LASIK (Laser-Assisted in Situ Keratomileusis) is a type of refractive surgery where the inner tissue of the cornea is reshaped to correct for your prescription. The surgeon creates a protective flap in the cornea (the clear tissue at the front of the eye) that is folded back. The inner tissue of the cornea is then reshaped using a laser. The corneal flap is then re-positioned into place and the eye begins its healing process. LASIK can correct for myopia (nearsightedness), hyperopia (farsightedness), and astigmatism. Some qualities that would make you a good candidate for LASIK includes:
- Good ocular health
- Cornea must have adequate thickness
- At least 18 years of age
- Stable vision for at least a year
- Good overall health
PRK (Photorefractive Keratectomy) is similar to LASIK in that the inner tissue of the cornea is reshaped, but instead of a flap being created, the surface cells of the cornea are removed. These cells regrow as the eye starts healing. Healing time tends to be a little longer with PRK, but variations in your
eye anatomy and health will determine whether LASIK or PRK would be most suitable for you.
RLE (Refractive Lens Exchange) is a form of surgical vision correction where the natural crystalline lens of the eye is replaced with an intraocular lens. This procedure may be recommended over LASIK when patients desire improvement in both distance and reading vision, have early cataracts, and/or have a high degree of nearsightedness or farsightedness.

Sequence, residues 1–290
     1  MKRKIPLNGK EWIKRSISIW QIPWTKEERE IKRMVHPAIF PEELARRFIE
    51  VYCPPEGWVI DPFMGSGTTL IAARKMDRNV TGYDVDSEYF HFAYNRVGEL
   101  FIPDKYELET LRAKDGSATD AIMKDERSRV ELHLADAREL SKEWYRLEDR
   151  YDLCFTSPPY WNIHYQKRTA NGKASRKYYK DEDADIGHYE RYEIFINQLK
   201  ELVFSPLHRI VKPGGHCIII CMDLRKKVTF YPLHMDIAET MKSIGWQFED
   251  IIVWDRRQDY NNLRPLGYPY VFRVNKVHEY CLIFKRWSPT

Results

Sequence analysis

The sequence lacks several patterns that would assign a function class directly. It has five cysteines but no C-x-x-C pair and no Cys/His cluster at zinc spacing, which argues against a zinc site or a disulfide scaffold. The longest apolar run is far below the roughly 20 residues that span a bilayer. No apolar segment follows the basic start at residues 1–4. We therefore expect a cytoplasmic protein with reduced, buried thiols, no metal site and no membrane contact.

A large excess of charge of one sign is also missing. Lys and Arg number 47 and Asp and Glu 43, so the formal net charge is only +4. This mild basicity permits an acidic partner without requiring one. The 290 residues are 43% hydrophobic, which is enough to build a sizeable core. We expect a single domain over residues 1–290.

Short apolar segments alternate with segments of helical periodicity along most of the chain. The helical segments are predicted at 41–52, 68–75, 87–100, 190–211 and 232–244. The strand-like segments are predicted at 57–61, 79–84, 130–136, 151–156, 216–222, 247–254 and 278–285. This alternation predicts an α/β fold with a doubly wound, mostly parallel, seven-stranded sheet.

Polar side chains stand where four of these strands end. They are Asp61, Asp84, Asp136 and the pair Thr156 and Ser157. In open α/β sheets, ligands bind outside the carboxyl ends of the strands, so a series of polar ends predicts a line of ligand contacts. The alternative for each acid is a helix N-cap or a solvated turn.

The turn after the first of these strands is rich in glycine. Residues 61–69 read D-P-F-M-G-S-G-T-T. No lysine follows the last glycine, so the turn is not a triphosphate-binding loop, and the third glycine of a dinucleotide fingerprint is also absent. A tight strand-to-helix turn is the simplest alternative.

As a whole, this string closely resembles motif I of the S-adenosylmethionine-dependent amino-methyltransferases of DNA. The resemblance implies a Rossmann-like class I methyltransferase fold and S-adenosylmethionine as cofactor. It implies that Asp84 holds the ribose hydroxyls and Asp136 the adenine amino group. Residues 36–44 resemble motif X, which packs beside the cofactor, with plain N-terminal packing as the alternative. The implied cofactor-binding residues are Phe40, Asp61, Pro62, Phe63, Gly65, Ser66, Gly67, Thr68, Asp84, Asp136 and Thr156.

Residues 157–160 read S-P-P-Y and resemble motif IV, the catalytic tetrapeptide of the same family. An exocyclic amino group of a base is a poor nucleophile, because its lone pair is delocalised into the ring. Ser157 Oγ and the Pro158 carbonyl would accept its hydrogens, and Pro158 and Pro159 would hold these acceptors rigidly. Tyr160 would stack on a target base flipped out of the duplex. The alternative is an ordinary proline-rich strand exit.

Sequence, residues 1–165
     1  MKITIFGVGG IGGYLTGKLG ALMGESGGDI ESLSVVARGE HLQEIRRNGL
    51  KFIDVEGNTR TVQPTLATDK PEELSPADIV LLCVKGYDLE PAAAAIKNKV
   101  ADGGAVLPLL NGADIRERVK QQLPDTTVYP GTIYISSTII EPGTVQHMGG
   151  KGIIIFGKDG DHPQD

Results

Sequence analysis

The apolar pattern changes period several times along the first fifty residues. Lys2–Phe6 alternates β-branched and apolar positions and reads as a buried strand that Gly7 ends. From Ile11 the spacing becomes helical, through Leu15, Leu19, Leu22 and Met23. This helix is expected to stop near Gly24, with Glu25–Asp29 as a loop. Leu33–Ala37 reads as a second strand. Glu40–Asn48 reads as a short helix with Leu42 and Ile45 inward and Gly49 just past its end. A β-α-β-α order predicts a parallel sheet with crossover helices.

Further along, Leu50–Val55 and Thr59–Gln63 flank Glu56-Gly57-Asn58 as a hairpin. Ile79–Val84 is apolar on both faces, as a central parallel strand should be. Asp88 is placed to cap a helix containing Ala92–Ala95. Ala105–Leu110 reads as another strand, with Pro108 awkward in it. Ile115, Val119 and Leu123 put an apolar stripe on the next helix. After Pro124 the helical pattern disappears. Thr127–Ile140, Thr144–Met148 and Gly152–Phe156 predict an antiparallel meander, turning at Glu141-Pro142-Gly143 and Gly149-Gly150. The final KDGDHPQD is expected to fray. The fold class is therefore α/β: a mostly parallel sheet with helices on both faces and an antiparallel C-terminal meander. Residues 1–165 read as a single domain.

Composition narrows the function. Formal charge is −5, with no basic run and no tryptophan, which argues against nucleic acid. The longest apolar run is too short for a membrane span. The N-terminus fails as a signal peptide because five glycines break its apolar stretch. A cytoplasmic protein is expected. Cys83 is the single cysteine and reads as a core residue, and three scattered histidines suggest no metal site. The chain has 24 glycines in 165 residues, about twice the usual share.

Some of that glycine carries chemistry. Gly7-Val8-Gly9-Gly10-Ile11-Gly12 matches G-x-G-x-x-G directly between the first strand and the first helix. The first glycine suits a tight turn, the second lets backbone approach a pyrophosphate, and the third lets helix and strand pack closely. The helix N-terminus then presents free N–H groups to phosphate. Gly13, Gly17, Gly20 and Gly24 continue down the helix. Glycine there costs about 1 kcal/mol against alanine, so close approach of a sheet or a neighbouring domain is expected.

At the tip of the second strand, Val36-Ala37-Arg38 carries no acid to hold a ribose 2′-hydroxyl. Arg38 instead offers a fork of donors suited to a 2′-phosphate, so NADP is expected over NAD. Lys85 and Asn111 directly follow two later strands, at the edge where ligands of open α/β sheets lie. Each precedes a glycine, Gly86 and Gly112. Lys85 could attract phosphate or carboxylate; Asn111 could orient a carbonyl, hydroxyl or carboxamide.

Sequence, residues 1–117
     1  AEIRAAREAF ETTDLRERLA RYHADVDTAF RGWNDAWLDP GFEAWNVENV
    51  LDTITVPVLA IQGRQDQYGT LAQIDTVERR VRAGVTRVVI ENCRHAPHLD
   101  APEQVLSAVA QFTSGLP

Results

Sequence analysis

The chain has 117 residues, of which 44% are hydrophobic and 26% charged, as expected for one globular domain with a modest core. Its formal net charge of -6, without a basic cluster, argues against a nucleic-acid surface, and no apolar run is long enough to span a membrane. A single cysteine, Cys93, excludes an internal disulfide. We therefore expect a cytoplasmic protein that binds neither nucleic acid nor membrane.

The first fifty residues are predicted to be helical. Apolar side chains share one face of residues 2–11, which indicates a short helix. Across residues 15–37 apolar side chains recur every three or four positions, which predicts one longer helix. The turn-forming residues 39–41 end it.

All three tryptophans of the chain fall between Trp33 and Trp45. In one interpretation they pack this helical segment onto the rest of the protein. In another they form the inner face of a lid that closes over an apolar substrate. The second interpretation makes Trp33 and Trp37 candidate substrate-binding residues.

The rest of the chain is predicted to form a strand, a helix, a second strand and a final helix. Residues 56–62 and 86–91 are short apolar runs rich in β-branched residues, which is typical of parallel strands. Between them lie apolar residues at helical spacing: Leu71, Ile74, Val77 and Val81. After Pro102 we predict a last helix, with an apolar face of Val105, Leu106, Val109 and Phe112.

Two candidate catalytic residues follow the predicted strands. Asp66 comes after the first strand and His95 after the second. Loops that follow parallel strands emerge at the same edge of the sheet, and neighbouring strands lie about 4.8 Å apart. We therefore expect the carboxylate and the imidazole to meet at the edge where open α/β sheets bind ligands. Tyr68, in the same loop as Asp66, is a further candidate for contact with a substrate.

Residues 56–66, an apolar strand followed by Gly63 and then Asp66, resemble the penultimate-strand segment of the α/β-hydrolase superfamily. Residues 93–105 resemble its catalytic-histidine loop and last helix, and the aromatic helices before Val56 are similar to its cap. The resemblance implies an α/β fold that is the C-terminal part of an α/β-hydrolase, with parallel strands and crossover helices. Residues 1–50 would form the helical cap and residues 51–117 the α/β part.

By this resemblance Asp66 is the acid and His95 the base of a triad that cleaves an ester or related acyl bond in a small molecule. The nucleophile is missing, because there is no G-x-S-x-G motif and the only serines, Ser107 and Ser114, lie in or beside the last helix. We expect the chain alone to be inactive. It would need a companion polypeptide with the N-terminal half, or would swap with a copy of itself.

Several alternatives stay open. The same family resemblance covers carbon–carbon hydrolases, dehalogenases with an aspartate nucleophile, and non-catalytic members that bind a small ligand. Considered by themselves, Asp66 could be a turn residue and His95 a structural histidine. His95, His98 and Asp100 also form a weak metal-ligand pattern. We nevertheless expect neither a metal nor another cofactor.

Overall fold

ICL (Implantable Contact Lens) is a technique derived from cataract surgery, where a lens is inserted into the eye without removing the natural crystalline lens. Because the natural crystalline lens remains, near vision is unchanged, unlike with refractive lens exchange where the natural lens is replaced by an artificial lens. ICL can correct for nearsightedness, farsightedness, and presbyopia. Patients who are not a candidate for LASIK may benefit from this procedure.
Our optometrists at Stouffville Optometry start with a comprehensive eye examination to determine your candidacy for refractive surgery. All of these refractive procedures require multiple follow-up appointments with your optometrist or the surgical centre to ensure proper healing.